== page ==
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Publication numberUS2411811 A
Publication typeGrant
Publication dateNov 26, 1946
Filing dateFeb 1, 1945
Priority dateFeb 1, 1945
Also published asDE855051C
Publication numberUS 2411811 A, US 2411811A, US-A-2411811, US2411811 A, US2411811A
InventorsEdward Sargent Donald
Original AssigneeGen Aniline & Film Corp
Export CitationBiBTeX, EndNote, RefMan
External Links: USPTO, USPTO Assignment, Espacenet
Light-sensitive materials
US 2411811 A
Abstract  available in
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Claims  available in
Description  (OCR text may contain errors)

Patented Nov. 26, 1948 r 2,411,811 ucn'r-sansmva mraams General Aniline York, N. Y.,

Donald Edward Sargznt,

Easton, Pa., asslgnorto Film Corporation, New a corporation of Delaware No Drawing." Application February 1, 1945, Serial No. 515,131

This invention relates to photoprinting material for the direct reproduction oi positive prints from positive originals and negative prints from negative originals. More particularly, it relates to a photoprinting material comprising a light sensitive element which will decompose upon exfurnish a dye component in posure to light and to the process of its undecomposed form and producing such photoprinting material.

Many processes have been suggested for the I production of photoprinting material of this type,

such processes differing principally in the chemical used as the light sensitive element and in the manner of developing a dye image. The most widely known of these processes are those which are based upori the light sensitivity of aromatic diazo compounds. Other such processes of less importance include processes based upon the light sensitivity of the leuco compounds of the coal tar dyestuffs; processes based upon the oxidizing action of o-nitro groups in aromatic systems having aliphatic side chains, as for instance o-nitrophenyl lactic acid methylketone; and processes based upon the light sensitivity of the o-nitrodiaminotriphenyl-methane bases. exception of the processesbased upon the light sensitivity of aromatic diazo compounds, these suggested photoprinting processes for the reproduction of positive copies from positive originals have found no commercial adaptability either because of the instability of the compounds employedor the diiilculty of developing the dye image from the undecomposed light sensitive material. The aromatic diazo compounds have found wide commercial acceptance in two wellknown processes which are designated respectively as the one-component or wet-development process and the two-component or dry-development process. In the one-component process, the aromatic diazo compound is incorporated into a light sensitive layer on the carrier which may be paper, foil, glass or a metallic surface, and after exposure under the original to be copied is developed by contact with a solution of the coupling component necessary to produce the ultimately desired image, In the two-component process, the aromatic diazo compound and the coupling component necessary to produce the dye image are both incorporated in the light sensitive layer on the carrier. In this case, the development of the dye'image is effected after exposure by contacting the light sensitive layer with ammonia gas. For optimum results, it is necessary to limit the selection of the diazo compound to the diazo compounds derived from aromatic p-diamines and o-aminonaphthols since premature coupling of the dye components takes place if other types of diazos are used in the light sensitive layer together with the coupling compo- With the 1 8 Claims. (Cl. 95.6)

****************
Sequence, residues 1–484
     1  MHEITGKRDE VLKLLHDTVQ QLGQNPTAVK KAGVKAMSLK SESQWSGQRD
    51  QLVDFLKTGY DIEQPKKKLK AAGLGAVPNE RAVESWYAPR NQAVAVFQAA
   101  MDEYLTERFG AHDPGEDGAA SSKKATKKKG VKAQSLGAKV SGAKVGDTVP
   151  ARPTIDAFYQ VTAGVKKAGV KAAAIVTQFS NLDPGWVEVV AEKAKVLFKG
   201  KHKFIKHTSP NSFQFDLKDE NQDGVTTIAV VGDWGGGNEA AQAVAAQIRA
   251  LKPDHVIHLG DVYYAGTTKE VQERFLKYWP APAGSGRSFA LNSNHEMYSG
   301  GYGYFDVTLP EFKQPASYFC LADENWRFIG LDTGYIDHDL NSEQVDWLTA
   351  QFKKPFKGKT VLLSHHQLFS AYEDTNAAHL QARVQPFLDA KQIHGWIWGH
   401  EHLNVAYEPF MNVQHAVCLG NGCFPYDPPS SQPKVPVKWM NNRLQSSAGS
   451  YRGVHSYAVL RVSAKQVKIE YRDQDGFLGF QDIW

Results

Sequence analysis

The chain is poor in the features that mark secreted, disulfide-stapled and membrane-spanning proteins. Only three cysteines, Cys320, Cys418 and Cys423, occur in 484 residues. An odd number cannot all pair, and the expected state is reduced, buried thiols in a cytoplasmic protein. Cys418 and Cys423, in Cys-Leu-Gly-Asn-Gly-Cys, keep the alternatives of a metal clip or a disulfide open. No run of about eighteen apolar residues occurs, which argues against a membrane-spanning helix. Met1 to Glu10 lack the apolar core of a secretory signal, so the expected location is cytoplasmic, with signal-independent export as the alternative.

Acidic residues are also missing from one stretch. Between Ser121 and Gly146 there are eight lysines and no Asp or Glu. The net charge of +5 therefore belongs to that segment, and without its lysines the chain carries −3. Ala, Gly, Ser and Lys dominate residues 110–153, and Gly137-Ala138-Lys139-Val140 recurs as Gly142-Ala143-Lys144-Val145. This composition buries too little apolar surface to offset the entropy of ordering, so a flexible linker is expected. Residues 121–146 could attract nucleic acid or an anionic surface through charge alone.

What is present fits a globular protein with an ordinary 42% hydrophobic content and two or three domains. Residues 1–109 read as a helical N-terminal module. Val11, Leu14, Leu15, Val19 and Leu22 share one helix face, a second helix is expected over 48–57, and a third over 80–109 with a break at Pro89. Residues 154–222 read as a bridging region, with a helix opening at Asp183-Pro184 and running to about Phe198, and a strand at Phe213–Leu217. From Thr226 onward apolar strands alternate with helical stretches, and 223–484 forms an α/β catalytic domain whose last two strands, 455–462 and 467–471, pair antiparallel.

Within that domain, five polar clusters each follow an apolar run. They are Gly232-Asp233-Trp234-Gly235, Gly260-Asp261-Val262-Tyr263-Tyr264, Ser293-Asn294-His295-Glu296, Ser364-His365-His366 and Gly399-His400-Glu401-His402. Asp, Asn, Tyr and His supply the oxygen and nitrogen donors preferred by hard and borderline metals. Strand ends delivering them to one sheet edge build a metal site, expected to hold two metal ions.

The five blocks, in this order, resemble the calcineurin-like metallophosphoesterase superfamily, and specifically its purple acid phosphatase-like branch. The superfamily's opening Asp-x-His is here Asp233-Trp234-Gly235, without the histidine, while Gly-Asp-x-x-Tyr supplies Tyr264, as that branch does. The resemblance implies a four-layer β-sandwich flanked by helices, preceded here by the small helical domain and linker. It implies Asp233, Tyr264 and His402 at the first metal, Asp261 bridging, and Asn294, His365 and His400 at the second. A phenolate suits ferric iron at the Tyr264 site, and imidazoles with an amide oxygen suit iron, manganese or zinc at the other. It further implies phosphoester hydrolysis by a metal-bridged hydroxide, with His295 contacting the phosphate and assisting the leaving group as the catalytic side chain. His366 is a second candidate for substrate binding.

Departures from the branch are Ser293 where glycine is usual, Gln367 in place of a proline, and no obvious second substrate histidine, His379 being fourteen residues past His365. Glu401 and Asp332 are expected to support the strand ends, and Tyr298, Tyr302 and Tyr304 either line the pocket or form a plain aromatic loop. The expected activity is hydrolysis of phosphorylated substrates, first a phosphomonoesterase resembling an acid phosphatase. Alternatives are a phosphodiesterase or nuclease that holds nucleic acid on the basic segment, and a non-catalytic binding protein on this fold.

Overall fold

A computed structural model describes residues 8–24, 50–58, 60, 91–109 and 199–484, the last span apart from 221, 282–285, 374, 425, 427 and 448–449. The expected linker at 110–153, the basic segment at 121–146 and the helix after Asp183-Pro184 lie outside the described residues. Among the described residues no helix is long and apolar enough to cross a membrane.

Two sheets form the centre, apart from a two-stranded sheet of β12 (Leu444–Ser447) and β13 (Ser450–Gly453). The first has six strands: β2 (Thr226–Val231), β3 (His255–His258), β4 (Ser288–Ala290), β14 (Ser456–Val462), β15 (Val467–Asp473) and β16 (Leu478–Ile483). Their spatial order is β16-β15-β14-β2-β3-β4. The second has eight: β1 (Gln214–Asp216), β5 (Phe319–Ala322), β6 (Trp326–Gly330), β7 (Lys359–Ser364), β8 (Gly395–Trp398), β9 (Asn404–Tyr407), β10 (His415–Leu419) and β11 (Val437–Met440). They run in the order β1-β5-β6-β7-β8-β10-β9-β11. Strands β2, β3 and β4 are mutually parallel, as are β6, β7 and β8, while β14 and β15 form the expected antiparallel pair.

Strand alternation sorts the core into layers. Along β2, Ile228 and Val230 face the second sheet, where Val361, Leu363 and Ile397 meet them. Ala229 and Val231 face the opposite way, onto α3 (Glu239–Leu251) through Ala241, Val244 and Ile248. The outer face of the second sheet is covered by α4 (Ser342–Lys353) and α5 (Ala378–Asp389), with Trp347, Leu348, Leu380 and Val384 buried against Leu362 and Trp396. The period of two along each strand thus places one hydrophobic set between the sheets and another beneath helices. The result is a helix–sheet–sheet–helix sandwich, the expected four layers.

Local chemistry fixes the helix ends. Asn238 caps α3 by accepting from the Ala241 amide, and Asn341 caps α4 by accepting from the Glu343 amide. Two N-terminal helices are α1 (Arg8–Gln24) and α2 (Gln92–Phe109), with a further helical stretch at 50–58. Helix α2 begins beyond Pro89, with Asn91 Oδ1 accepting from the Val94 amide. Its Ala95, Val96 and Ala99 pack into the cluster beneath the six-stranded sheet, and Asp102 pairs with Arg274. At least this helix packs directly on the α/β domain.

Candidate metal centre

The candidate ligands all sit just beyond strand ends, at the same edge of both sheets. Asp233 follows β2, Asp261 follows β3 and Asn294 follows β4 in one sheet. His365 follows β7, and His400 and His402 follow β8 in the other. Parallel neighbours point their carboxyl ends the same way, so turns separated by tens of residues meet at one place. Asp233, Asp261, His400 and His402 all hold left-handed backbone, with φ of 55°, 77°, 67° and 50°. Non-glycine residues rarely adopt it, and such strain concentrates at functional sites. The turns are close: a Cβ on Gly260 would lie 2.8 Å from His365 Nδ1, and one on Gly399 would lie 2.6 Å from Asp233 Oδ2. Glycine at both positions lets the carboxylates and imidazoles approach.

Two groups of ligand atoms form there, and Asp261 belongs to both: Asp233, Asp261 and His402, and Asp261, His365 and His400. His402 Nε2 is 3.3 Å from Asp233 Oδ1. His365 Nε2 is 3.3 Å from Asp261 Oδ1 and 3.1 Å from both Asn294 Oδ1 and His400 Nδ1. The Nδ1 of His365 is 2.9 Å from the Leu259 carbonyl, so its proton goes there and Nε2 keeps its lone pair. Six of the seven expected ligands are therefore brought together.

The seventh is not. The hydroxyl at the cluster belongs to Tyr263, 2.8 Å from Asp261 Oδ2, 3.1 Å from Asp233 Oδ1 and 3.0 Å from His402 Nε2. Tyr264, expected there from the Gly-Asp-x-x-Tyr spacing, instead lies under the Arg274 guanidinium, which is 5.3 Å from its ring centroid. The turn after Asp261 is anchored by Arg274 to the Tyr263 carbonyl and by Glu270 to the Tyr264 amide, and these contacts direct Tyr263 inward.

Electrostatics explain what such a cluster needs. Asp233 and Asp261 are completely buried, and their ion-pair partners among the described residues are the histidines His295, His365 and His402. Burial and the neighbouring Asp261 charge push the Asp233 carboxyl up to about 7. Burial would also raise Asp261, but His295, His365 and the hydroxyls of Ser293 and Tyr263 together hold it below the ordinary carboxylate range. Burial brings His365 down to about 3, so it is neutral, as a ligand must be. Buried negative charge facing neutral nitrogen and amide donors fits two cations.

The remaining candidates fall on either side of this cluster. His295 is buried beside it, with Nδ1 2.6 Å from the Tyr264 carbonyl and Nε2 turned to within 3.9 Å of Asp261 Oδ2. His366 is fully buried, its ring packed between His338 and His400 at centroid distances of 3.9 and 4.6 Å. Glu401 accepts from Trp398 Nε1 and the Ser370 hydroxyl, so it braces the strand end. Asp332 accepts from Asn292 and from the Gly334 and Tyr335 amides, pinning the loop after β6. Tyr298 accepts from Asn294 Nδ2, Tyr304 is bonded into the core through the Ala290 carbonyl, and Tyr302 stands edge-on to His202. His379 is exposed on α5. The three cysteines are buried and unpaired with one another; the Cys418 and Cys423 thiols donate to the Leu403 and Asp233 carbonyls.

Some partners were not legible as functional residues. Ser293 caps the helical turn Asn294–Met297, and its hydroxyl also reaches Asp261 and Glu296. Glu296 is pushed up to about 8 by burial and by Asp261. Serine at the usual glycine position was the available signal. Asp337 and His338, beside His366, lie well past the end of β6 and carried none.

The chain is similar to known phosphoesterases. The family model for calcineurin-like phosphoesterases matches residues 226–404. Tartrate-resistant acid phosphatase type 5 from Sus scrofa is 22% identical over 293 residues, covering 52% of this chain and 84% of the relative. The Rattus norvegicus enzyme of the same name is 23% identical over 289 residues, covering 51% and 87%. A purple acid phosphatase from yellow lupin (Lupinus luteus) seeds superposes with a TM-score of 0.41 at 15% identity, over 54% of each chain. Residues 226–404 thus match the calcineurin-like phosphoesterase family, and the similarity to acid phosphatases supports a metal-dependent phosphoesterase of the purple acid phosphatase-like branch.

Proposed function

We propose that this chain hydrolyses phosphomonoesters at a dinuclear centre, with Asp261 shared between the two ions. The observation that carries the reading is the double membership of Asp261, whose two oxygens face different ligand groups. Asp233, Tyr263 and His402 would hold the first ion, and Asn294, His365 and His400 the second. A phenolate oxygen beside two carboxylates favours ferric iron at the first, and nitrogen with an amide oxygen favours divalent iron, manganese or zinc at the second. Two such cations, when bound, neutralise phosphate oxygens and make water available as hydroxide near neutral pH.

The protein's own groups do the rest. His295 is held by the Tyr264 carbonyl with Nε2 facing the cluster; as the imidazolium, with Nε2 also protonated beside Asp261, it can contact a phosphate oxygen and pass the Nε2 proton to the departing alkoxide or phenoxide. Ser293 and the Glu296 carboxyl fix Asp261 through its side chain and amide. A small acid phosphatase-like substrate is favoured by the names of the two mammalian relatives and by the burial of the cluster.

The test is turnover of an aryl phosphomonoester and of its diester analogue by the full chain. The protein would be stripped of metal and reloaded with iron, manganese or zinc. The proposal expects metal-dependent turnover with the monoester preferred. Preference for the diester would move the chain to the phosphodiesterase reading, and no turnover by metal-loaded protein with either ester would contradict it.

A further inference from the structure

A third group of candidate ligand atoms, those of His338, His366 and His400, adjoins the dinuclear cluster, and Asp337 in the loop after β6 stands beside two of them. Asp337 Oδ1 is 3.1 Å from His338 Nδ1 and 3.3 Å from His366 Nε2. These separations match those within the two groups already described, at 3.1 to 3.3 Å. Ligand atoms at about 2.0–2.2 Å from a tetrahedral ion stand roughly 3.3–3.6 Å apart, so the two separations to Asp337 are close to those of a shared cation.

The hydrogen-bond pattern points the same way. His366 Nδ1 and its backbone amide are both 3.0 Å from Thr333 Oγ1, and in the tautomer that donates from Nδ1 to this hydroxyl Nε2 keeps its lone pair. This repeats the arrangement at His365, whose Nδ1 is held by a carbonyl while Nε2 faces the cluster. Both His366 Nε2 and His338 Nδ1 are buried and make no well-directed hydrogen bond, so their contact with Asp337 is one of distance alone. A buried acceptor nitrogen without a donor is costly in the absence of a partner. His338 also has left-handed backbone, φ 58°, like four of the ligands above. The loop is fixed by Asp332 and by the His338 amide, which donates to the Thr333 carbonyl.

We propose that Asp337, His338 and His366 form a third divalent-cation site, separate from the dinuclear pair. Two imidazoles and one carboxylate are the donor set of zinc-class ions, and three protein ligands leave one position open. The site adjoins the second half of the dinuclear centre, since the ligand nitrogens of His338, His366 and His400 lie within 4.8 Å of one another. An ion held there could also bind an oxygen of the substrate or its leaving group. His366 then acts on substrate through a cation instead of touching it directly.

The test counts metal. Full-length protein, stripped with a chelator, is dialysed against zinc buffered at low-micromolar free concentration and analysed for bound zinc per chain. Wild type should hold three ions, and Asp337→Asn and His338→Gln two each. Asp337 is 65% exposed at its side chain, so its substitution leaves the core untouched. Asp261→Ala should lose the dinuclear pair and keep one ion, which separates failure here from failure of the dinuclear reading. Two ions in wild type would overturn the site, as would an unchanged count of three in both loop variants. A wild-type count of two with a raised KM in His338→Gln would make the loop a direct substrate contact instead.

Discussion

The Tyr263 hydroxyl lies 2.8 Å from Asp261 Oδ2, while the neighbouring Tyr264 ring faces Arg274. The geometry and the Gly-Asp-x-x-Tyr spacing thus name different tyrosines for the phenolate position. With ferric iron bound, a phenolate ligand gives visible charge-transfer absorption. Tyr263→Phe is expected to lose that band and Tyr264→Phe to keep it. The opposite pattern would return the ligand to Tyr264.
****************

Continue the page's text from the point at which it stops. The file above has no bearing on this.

nent, thus reducing the keeping quality of the coated carrier..

In photoprinting processes of this type, it is highly desirable to produce a copy which will have a clear white background and which will not .be subject to discoloration in the background due to aging. It is also desirable to have a material which will give gradation ofshade throughout the high light and half tone areas. In the case of the aromatic diazo compounds, the light decomposition products remaining in the background will become discolored after a short time and in view of this characteristic it has been found necessary to incorporate materials which will partially inhibit or retard this tendency toward discoloration in order to maintain a reasonably acceptable clear background.

It has now been discovered that another class of compounds may be used as the light sensitive element in the preparation of positive reproduction photoprinting materal which, when coated onto a suitable carrier such as the paper, foil, glass or metallic surfaces mentioned above, together with a suitable dye component will form an azo dye when developed in a proper medium and will decompose to a non-dye forming compound upon exposure to light. This class of compounds may be designated as N-nitroso-N- arylamides. These nitrosoarylamides are stable in neutral and weakly acidic media but are sensitive to both alkalie and strong acids. They may be represented by the following general formula (Ar) III-N 0 v Ac :1

or derivatives of such structures; Ac is an acylgroup or group having similar characteristics such as --COR, CONR2, -,C(=NR) NR2, -CN,

COOR, -SO1R, -SO2NR2, COCOOR, -SO3M+, -COO-M+, -CSNR:, R being an alkyl, aralkyl or aryl group or a hydrogen atom, and M+ being a metallic or metalloid cation; and n is an integer from 1-3.